Skillfully and thoughtfully written, the gender connection is less effective than it might have been, because the angel who visits the (male) protagonist once a year for 40 years is also male. Somehow, though, it’s not the kind of maleness we are used to. — Diane Martin

  • Dragonfly, , (Tor, 1998)

    A well-written and magical story about a strong-willed and intelligent young lady who overcomes patristic obstacles and creates her own destiny — Bill Clemente

    As in Tehanu, this novella is concerned with the workings of different kinds of magic (male and female), closed societies, the opening of things rather than resolutions, transformations. There are interesting parallels between the girl Tehanu and the protagonist of this story, Dragonfly, and of course, Le Guin’s work not only reflects upon the earlier Earthsea books, but on fantasy literature in general, and also on the world we live in. — Kelly Link

  • Speaking Stones, , (Avon, 1999)

    Sequel to Dark Water’s Embrace, this novel deals with a mutated human race. A lost colony isolated on a reproductively hostile planet, the settlers only gradually become aware of the tri-sexed natives, and feel threatened when they find themselves falling into the same biological pattern. What’s not clearly defined is why there is so much resistance. — Diane Martin

  • The Terrorists of Irustan, (Ace, 1999)

    Taking place in a quasi-Muslim society, the heroine deals somewhat uncomfortably with her sexuality and more importantly struggles with issues of gender inequality, attempting to make social change. — Diane Martin

    Calling to mind the gender apartheid under which women presently suffer in Afghanistan, Marley’s generally intriguing novel might have gained from following the dictum “less is better,” for in the final analysis the excessive violence erodes the narrative’s plausibility and dulls its otherwise thoughtful message. — Bill Clemente

  • The Fathergod Experiment, (Allau Press, 1999)

    The premise, as one might gather from the title, has something to do with gender and genre. But the real pleasure in reading this book is in the characters– especially the sensible, intelligent protagonist Lilz–and in the way L. A. Taylor conflates various genres: mystery, romance, sf, fantasy. There are orphans, villains, poetry, and poisons-something for everyone. A smart, blissful, Young Trollopian novel, which will hopefully find a large and appreciative audience. — Kelly Link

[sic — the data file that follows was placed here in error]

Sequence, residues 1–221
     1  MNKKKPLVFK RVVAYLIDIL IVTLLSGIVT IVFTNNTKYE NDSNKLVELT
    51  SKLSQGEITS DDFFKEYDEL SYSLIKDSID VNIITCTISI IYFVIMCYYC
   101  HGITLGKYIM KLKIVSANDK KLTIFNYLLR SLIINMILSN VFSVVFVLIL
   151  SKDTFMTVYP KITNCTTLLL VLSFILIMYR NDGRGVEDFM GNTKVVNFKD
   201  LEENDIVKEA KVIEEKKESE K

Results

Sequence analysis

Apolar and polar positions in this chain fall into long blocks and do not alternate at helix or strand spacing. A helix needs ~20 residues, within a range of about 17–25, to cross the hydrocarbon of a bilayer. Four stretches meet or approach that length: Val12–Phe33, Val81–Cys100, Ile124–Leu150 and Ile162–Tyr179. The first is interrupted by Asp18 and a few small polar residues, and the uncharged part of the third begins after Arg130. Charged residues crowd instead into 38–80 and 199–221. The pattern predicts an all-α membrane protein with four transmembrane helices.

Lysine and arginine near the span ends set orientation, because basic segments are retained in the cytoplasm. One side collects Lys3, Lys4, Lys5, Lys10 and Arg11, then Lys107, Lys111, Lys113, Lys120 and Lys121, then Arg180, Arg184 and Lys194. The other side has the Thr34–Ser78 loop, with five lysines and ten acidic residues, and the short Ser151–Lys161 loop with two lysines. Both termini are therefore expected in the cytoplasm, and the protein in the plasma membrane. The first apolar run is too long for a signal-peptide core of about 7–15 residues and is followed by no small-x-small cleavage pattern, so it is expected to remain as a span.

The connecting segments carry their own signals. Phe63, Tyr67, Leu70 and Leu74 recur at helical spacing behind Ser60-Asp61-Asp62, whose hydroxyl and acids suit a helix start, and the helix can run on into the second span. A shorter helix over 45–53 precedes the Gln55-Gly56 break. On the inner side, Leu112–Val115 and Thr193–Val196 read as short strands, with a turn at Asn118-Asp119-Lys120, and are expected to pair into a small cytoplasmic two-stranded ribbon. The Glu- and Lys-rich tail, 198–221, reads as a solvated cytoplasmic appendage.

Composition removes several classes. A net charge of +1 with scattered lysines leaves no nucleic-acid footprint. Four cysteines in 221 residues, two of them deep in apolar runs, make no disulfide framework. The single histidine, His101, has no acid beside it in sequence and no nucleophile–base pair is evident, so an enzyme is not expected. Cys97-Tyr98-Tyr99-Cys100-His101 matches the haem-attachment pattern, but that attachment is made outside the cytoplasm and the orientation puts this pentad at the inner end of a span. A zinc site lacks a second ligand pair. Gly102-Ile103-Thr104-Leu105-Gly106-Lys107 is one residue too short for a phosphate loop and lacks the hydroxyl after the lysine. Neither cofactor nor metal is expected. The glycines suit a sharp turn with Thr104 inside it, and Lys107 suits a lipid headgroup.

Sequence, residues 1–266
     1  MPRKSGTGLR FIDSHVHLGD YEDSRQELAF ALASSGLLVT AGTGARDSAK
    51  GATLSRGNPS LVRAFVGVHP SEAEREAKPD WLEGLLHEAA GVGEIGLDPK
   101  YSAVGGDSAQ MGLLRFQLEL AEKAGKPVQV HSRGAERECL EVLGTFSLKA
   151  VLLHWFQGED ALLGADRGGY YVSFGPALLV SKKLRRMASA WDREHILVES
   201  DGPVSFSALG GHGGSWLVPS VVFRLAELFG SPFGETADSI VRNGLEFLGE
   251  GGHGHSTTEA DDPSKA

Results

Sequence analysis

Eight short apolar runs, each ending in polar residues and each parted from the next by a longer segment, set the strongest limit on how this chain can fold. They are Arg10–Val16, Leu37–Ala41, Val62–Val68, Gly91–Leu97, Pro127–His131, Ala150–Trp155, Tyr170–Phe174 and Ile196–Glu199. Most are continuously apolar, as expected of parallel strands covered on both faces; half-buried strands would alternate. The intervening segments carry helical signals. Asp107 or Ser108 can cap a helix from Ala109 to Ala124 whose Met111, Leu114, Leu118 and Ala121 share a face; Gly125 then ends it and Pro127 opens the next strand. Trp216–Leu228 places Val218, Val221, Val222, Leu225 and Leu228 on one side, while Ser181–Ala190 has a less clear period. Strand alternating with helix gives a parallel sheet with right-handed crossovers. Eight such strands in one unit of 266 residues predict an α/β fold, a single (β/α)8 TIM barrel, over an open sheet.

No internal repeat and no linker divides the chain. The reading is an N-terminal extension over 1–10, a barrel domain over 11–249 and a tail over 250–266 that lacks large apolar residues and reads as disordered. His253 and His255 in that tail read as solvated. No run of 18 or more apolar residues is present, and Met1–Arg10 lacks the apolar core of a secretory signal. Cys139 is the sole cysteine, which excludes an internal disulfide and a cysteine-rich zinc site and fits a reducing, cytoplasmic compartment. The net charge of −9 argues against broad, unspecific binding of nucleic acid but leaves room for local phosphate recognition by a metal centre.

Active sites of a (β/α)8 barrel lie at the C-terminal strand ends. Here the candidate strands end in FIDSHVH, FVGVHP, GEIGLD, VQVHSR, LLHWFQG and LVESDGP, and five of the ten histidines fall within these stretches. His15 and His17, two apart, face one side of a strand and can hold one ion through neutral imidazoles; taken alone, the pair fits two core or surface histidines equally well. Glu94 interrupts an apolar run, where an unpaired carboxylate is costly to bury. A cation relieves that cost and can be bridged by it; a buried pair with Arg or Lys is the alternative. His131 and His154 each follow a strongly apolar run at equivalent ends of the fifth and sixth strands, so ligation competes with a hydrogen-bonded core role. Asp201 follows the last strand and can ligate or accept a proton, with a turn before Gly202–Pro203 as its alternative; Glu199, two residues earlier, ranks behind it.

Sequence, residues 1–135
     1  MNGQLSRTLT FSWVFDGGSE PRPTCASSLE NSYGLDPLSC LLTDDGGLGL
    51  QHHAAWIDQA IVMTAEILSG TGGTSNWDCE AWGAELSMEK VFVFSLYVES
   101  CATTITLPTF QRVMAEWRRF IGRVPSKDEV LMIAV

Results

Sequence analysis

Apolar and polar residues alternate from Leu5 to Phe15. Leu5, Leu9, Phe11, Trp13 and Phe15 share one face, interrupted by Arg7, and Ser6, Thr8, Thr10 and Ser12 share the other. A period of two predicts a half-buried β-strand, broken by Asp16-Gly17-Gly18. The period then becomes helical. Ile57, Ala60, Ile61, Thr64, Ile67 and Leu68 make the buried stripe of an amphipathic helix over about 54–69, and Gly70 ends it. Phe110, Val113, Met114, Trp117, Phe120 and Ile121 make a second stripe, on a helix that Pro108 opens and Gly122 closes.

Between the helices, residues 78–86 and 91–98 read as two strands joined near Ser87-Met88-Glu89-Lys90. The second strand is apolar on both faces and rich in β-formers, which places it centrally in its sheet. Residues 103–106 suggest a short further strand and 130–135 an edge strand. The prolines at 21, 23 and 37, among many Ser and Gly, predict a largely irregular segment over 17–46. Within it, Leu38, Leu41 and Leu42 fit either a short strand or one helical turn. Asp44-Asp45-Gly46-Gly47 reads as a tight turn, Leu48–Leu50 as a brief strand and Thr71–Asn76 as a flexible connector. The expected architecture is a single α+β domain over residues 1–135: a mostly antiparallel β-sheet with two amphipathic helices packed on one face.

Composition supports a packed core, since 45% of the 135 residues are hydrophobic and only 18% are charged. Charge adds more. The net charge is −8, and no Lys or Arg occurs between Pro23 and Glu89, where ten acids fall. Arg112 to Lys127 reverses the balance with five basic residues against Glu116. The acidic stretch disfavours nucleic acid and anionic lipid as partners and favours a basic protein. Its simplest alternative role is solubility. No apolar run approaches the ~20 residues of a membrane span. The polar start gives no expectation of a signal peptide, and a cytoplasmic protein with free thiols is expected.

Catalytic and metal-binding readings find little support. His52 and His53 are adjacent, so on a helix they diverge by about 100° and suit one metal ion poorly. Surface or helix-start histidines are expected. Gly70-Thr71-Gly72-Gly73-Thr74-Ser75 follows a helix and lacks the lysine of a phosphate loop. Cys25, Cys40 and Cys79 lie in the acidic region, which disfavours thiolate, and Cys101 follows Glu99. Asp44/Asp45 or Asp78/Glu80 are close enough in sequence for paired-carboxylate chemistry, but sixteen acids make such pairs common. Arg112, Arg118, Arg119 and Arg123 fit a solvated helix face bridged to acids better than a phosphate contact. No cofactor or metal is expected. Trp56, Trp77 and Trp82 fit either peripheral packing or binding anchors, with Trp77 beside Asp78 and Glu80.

What Kelly said. My absolute favorite of all the books we read, gender stuff not withstanding. A complete and utter delight. I read it cover to cover and then over again, immediately. It is a real shame that this is Taylor’s last work (she died in 1997). — Diane Martin

  • Singer from the Sea, (Avon, 1999)

    Political biology, secret technology, patriarchal oppression. Once again a brave woman saves the world from evil men. What sounds trite and simplistic in summary is nonetheless a heart-felt plea to see our current values as wrong, urging change before we destroy ourselves. — Diane Martin

    With an ecofeminist perspective that spans centuries and which will strike readers of Tepper as perhaps overly familiar, this latest effort, while complex and entertaining, resolves the horrors men visit on women but provides a romantic conclusion that will probably disturb many, for here in particular Tepper may well bend gender to an un-satisfying angle. — Bill Clemente

    In this book, which contracts and diminishes our understanding of gender, biology is destiny with a vengeance. Blood of lactating females=immortality; blood of males=death; and Special Genes enable the heroine to save her world from a long-term male conspiracy of unimaginably evil proportions. — L. Timmel Duchamp


  • Diane Martin (chair)
  • Bill Clemente
  • L. Timmel Duchamp
  • Kelly Link